Update 1 restoration memorial monument

3 April 2023

Mid-December 2022, Tim Kemperman (sculptor) started preparations to transport the memorial monument to Amsterdam. The floor and walls of the chapel were covered with wooden boards to protect them. The fencing next to the pulpit was carefully taken apart and everything was numbered, photographed and then removed for transport. Fortunately, the pulpit can remain in place.

Mid-January 2023, work began on making a table level with the tomb in order to very carefully move the draped cloth with the effigy of Hieronymus (weighing about 750 kilos!) onto the table.

Several salt samples have since been taken. Analysis of the samples shows that the salt content in the mausoleum is very high.

Prior to its restoration, the statue will be completely wrapped in plaster with wooden beams used as splints (as, for example, in the case of a broken leg) to prevent further damage due to the crack located in the middle of the body. In Amsterdam, the plan is to mill two slots in the underside and place two long stainless steel strips in the slots to make further breaking virtually impossible. This is also in connection with putting the sculpture back in place.

Tim Kemperman:

I was called by filmmaker Sander Snoep, brother of Tobias, asking if he could make a film documentary about the restoration of the tomb. I didn’t have to think long about his great offer, especially considering his professionalism. So we were in Stavenisse early on Monday morning, where he spent the whole day filming.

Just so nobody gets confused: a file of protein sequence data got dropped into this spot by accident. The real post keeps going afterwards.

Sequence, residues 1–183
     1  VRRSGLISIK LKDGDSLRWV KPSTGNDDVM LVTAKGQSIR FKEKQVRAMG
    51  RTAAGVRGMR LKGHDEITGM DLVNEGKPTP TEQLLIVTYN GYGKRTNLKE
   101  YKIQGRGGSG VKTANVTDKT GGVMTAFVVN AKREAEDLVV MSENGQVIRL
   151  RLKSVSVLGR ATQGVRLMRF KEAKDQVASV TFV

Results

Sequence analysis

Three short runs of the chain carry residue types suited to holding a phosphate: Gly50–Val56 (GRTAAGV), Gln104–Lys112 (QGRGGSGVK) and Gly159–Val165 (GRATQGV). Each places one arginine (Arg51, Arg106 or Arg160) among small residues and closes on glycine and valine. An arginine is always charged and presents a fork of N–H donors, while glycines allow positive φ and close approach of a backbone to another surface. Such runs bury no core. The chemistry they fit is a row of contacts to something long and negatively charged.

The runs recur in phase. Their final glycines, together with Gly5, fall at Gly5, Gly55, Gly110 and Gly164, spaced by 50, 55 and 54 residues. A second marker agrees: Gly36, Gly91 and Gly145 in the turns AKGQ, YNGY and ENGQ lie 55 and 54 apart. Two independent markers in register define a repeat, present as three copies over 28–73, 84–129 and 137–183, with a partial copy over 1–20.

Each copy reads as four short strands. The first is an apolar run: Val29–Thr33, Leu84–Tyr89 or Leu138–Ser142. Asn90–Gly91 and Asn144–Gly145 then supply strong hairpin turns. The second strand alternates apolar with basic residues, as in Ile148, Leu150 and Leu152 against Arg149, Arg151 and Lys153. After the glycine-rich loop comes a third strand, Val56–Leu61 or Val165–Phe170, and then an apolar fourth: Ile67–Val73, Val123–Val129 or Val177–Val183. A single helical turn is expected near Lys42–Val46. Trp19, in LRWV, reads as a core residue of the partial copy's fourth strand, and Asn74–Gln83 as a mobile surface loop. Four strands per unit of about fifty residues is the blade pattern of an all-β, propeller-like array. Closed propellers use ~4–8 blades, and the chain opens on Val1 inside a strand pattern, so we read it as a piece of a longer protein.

Meanwhile, he also filmed in Tobias’ workshop.

On Monday 6 February, sculptors Tim Kemperman and Tobias Snoep set to work with a couple of employees to prepare the effigy of Hieronymus for transport to Amsterdam. They first cleaned the statue, then smeared it with green soap. This is done to facilitate later removal of the plaster. The statue was splinted with wooden beams and then plastered from the throat to the legs. This was done to prevent the fracture running across the abdomen from getting bigger or even breaking completely.

Then, using heavy straps, the statue was very carefully pulled onto a table made at the same height as the tomb. Then the 750-plus-kilogram statue was lifted a little bit, the legs of the table were screwed off, and the statue was placed on a trolley ready for that purpose. Thus, it was driven from the chapel out of the church to the waiting car.

After the statue was placed on the car, everything was properly splinted and secured to reduce the risks of transportation. After a safe journey, the statue was hoisted off that same evening at Tobias Snoep’s workshop. It is now in storage until it can be desalted in the specially made bath.

On Tuesday, Tim Kemperman and his brother and some other workers started carving out the tomb on which the statue was resting. This has to be done very carefully to avoid damage to the tomb. By Thursday evening, they had reached the bottom and the front and both side pieces of the tomb could be removed.

On Friday, the beautifully carved front was very carefully detached from the dunks and wrapped well in a wooden frame. It was then hoisted out with the gantry crane so that this piece, too, could be safely transported to Amsterdam.

Watch photos of the restoration progress here.

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